For me, it was not just about making sure Harry could pass his grade 8 exam. It was also about equipping him with the tools needed that would take him into music college, and beyond.
Bringing everything together
“Harry could clearly play but it’s quite a different story taking an exam,” his teacher Jack remarked. “He had to get to grips with reading music at an advanced level extremely fast.”
“There are improvisational and aural elements of an exam that really take some time to navigate. Harry really put the time in here. We worked really hard at bringing all these parts together. By the end, Harry could fully articulate the compositional and improvisational decisions he had made to the examiner.
“For me, it was not just about making sure Harry could pass his grade 8 exam, although that was the primary aim. It was also about equipping him with the tools needed to take him into music college, and beyond. Learning how to pass is one thing. But going forward with these skills in a way that was practical was crucial to the lesson plans we devised.”
Harry worked closely with his teacher to refine his application, with Jack providing a good reference that spoke truthfully of Harry’s ambitions. His teacher provided accurate mock test results to the college as part of the reference process.
And, it worked. The college accepted Harry with one condition – he needed to pass his grade 8 exam with flying colours.
The results are in
When it came to the exam, Harry achieved an incredible 88%. This grade is brilliantly high for someone who had never taken a music exam before – Harry got full marks in his general musicianship questions and near full marks in his technique work and improvisation. The examiner praised Harry for his “advanced improvisation, with stylistic conviction.”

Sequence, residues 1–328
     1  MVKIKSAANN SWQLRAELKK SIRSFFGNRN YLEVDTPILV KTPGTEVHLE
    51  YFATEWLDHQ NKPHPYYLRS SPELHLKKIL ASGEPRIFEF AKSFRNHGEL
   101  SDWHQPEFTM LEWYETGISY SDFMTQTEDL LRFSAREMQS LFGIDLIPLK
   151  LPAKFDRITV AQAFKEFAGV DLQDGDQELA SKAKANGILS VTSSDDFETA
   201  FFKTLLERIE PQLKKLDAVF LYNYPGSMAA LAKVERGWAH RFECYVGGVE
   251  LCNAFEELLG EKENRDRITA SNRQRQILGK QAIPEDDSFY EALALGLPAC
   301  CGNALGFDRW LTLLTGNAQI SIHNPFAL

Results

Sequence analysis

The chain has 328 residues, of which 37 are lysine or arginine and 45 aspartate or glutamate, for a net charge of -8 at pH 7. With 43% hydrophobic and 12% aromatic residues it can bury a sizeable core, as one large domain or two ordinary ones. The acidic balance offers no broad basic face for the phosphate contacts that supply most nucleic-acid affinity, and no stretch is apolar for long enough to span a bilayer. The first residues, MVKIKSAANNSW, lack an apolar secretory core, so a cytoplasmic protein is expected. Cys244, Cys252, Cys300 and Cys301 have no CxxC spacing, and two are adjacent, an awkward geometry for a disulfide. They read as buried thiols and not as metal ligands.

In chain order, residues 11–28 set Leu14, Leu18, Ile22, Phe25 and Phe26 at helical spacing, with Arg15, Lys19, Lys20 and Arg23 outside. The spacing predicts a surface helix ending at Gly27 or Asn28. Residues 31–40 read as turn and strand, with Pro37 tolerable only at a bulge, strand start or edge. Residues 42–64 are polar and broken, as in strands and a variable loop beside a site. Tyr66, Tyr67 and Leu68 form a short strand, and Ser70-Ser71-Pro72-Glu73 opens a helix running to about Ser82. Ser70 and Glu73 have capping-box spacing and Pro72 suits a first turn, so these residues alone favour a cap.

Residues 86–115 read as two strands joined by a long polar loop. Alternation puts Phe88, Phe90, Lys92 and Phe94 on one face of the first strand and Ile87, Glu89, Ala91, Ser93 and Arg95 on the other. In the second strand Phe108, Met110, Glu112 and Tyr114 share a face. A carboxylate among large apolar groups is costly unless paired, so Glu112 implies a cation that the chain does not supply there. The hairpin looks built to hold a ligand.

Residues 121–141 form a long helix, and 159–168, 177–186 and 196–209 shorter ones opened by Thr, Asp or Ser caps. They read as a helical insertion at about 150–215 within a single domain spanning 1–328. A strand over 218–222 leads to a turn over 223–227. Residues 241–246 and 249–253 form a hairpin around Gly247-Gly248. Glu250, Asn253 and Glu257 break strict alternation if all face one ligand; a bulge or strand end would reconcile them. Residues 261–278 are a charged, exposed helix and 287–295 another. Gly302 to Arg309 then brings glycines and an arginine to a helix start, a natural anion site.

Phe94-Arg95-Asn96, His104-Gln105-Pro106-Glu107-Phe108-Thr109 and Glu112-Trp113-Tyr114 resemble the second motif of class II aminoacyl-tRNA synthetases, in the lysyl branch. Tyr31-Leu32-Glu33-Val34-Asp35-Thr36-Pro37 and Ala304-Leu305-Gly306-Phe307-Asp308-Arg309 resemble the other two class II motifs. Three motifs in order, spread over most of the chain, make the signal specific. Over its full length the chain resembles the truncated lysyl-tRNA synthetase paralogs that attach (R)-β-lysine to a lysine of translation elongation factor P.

With the grade submitted to the college and the offer accepted, his UCAS points were sufficiently topped up. He was good to go in September, just one month after the results arrived.
Harry moved to Leeds and he’s not looked back since.
“I could not have done it without Jack,” said Harry. “The lessons were always enjoyable without taking away from the task at hand. I took something away each lesson that would not only make me a better drummer but just a better musician overall.”
“I will always cherish my time with Jack. Without it, I wouldn’t be where I am today: at the end of my first year at Leeds Conservatoire with – for the first time in my life – a plan for where I want to go in the future.”
Are you trying to get into music college without A-Levels?
Every situation is different but if you’re looking at options for music college without A-Levels or required UCAS points, drop us a line! We’re London-based, but all of the teachers are accessible worldwide through online lessons if you’re out of the area.
We can talk you through options and give you honest, impartial advice on finding the right teacher to help you get there.
We often get emails about reading music as an adult. Is it possible? How hard is it? Surely it’s too late? We’re happy to say that no – it is not too late! Take David Black. David was looking for an experienced drum teacher who could help him learn how to read music.